I saw this interesting article in the Guardian yesterday and thought it might be worth a share …
I guess, as a close writing friend of mine says, it is the dream scenario — being part of such a huge bidding war and less common today than people think — those kind of big advances. But with it, as my friend so rightly points out, a lot of pressure. So much so that in some cases the pressure to achieve with the second novel (and I can relate to that if only on the teeniest tiny scale, wanting to live up to expectation) can, in some cases, produce less favourable work and bad reviews.
There is the notion that a writer might be, in some cases, in love more with the idea of the writer and all that it might bring financially, than simply the pleasure derived from writing. I have been accused of being too idealistic about just doing it for the pure love of writing and that it’s a business like everything else — and it can be a ruthless one at that. But hey, I am fairly clued up about the pitfalls of the industry — but I just love to write — wherever that might take me. Naive maybe. But look how happy I am!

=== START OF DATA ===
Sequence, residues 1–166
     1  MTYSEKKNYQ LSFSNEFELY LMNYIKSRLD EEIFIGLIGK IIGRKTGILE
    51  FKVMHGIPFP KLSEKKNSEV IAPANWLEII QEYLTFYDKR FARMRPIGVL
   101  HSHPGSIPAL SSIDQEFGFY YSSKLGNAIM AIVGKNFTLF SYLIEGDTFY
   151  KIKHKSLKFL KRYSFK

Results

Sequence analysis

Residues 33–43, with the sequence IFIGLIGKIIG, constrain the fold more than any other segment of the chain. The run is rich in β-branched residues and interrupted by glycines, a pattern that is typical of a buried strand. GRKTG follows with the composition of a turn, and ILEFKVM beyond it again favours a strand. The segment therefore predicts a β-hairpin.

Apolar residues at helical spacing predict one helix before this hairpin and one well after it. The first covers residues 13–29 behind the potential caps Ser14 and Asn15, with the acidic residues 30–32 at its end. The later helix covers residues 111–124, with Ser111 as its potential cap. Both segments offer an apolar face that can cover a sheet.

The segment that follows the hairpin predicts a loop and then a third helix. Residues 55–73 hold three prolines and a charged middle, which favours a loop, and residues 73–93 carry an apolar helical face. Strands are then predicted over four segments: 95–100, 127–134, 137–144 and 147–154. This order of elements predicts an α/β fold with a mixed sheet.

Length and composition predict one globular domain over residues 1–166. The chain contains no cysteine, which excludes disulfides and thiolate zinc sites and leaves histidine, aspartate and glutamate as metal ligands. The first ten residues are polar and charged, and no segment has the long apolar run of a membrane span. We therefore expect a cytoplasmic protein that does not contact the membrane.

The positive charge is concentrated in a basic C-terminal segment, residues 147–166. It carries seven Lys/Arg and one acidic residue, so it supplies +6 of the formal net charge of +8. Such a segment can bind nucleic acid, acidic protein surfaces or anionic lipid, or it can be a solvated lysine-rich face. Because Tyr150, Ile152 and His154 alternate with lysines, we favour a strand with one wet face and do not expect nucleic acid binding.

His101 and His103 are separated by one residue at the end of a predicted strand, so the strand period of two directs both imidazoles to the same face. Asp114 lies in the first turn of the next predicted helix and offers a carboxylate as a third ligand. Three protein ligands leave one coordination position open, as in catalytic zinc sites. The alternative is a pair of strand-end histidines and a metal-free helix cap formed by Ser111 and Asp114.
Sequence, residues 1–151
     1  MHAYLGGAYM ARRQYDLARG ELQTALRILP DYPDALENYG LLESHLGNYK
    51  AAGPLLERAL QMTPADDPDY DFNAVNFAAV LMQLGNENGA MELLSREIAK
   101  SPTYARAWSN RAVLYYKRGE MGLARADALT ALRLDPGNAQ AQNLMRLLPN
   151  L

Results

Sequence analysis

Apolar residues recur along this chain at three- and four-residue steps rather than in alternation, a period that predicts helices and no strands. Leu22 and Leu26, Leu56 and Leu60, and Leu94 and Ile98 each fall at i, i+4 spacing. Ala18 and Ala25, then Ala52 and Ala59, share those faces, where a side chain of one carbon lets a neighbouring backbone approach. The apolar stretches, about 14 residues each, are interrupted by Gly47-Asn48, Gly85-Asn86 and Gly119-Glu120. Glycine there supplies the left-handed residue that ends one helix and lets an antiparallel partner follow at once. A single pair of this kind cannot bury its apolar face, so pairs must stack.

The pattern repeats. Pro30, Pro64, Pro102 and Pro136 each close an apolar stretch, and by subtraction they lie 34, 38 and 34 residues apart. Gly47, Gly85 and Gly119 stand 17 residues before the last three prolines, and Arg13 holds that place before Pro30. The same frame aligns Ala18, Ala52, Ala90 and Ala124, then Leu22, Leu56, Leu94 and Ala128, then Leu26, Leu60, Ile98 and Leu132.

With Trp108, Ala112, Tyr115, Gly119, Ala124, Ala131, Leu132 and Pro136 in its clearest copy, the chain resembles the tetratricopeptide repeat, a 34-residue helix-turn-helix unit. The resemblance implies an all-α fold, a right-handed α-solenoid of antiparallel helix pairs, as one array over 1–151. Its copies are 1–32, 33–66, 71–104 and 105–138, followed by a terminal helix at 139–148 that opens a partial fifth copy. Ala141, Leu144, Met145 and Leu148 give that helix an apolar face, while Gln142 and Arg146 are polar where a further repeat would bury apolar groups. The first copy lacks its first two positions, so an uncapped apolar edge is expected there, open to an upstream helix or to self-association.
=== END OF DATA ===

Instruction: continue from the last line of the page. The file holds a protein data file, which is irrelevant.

I am not in love with the idea of WRITER, at least no one has said that — I work my butt off for something I love. End of and I hope that brings me the success I want. But I am not lured by the notion of huge bidding wars and six-figure sums. Yes it would be a wonderful side-effect, but all I want is to write the best possible books and, as I have in the mission statement on my wall — write stories that live in the hearts of millions (yeah fanciful I know, yeah maybe even a little egotistical — but humour me a little — nothing comes without hard work and we all need a dream.) It’s just not the money, but the best book I can write.
That is all folks! Have a great Thursday. I am hopping off to San Francisco where there is a missing child — but this one is NOTHING like Eleanor Boone, really.